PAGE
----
46 pages • 1 hour readNilo Cruz
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Anna in the Tropics, a two-act play by Cuban-American playwright Nilo Cruz, won the Pulitzer Prize in 2003. Set against the evocative backdrop of a cigar factory in Florida during the Prohibition Era, the poetic language and emotional depth of the play bring to life a dramatic episode in the lives of a Cuban family living and working in the Ybor City neighborhood of Tampa, Florida, in 1929. At this time in history, tensions between old traditions and new ways flared up regularly, and in Ybor City, the threat of new, mechanical cigar-rolling machines looms over the factory workers, who roll cigars by hand, in the traditional way. Also in danger is the tradition of the lector, who reads out loud to the cigar rollers to break the tedium and to pass the time. Listening to the lector is sometimes the closest thing to a formal education cigar-rollers may have experienced, so when this tradition ends, in 1931, an informal method of learning dies with it.
Audience members first meet Santiago, in his late 50s, at a cockfight with his half-brother, Cheché. While Cheché and Santiago gamble, Ofelia, Santiago’s wife, and their two daughters wait at the harbor in Tampa for a ship to arrive, a ship carrying their new lector, Juan Julian. The women admire Juan Julian’s photograph and penmanship while they wait, and the audience learns, through the first impressions of the three women, that Juan Julian is handsome and debonair.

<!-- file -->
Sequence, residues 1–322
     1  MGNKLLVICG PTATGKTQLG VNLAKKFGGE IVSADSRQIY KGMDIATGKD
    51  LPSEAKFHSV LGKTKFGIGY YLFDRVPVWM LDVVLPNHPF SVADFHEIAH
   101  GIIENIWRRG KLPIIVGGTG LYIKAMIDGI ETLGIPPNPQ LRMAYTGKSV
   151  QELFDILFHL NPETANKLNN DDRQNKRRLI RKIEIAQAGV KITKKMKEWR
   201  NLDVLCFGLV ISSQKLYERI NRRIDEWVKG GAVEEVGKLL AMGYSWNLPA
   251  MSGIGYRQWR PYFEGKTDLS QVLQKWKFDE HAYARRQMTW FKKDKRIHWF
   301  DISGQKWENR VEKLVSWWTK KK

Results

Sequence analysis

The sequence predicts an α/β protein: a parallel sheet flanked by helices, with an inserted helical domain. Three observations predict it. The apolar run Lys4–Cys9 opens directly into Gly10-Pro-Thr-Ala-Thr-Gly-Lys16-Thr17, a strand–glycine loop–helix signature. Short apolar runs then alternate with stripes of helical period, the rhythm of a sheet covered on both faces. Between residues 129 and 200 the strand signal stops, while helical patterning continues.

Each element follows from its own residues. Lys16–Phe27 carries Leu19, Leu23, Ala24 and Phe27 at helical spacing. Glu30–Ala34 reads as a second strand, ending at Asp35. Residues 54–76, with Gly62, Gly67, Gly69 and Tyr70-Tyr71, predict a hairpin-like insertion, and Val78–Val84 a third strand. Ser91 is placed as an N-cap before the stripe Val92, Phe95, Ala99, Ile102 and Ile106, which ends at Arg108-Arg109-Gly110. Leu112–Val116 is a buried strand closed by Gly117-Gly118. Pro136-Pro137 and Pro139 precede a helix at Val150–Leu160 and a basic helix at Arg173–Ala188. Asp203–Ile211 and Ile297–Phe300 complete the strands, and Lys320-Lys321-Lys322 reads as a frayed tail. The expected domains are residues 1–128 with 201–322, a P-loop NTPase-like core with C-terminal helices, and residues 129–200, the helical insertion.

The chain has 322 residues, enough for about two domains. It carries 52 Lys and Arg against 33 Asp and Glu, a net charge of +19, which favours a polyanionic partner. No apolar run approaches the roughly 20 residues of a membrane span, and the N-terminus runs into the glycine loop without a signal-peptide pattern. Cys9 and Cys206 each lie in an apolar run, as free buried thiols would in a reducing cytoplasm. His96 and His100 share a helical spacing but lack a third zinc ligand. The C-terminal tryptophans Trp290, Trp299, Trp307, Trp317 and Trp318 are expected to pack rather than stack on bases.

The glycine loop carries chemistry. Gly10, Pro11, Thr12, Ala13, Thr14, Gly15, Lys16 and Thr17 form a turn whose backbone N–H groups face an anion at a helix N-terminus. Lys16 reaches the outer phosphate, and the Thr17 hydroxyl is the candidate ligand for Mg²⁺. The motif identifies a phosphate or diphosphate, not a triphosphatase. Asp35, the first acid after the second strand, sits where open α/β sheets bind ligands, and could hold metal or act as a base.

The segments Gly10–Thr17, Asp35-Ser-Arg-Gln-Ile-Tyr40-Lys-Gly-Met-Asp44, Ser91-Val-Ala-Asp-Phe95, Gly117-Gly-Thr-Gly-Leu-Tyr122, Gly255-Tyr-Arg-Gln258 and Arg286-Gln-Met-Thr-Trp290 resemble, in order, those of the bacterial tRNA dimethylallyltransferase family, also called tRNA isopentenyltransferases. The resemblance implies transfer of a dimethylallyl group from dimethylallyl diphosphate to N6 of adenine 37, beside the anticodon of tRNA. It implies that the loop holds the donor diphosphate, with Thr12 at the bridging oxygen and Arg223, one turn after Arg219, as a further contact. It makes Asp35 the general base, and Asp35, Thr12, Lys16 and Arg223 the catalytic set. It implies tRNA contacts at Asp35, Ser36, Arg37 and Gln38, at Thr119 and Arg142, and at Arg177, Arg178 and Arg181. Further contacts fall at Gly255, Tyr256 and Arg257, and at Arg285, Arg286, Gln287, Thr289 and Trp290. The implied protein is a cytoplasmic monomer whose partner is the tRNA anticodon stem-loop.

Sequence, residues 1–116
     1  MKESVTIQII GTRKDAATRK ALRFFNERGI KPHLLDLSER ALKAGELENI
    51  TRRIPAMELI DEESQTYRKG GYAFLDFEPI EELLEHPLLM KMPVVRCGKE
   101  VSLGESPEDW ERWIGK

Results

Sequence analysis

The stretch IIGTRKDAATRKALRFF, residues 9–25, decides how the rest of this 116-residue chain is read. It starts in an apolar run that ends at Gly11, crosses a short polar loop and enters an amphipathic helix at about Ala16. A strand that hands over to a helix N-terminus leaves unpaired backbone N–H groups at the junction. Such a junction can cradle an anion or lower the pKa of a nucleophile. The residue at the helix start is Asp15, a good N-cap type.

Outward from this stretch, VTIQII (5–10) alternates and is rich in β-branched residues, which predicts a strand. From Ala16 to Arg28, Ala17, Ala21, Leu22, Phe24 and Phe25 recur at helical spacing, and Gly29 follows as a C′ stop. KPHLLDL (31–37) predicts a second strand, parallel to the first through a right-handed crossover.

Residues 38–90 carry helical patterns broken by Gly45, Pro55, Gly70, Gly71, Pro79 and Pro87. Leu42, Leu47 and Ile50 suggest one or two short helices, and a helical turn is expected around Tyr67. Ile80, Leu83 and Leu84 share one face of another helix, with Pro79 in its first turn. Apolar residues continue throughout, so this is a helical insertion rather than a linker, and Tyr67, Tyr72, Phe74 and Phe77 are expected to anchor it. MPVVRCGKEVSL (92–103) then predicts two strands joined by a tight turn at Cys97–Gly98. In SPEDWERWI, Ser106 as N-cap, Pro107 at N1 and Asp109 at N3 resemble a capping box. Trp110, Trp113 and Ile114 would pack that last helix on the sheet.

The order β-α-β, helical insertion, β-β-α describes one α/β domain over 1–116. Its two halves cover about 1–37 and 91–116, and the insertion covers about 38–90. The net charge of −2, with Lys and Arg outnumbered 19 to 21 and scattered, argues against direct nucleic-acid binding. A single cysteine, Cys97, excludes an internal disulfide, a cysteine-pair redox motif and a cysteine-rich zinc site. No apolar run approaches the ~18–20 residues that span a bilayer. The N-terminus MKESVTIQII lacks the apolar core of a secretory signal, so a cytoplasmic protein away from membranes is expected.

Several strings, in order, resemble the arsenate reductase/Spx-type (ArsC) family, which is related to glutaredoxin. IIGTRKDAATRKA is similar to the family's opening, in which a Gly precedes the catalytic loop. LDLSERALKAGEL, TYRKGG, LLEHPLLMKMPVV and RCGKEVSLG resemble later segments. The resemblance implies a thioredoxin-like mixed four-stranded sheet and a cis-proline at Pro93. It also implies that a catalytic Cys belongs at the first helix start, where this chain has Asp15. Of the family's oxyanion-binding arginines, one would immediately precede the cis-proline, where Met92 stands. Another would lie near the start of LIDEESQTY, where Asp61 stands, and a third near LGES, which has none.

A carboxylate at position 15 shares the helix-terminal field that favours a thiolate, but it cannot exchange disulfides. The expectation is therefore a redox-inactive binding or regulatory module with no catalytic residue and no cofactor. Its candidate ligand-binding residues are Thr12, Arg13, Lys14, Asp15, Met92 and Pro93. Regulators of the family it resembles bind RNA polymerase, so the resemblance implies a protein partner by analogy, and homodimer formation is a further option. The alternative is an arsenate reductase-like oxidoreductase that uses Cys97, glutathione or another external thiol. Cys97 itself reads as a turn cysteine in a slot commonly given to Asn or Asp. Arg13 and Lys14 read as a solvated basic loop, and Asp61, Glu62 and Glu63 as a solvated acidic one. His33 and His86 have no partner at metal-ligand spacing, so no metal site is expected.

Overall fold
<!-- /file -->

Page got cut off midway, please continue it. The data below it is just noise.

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Santiago owns a cigar factory in Ybor City. He has a weakness for betting on the cockfights and drinking illegally to excess. At the start of the play, Santiago loses money while gambling and borrows more from his half-brother, Cheché, promising him part of the factory as collateral. This decision, made in haste, is not a wise one, as Cheché is a man embittered by disappointment in love and life, and he proves himself to be an untrustworthy and unstable villain by the end of the play. Cheché’s difficult personality and his inability to cope with events and individuals who remind him of his ex-wife’s unfaithfulness lead him to make some choices that violently impact the lives of Santiago and his family.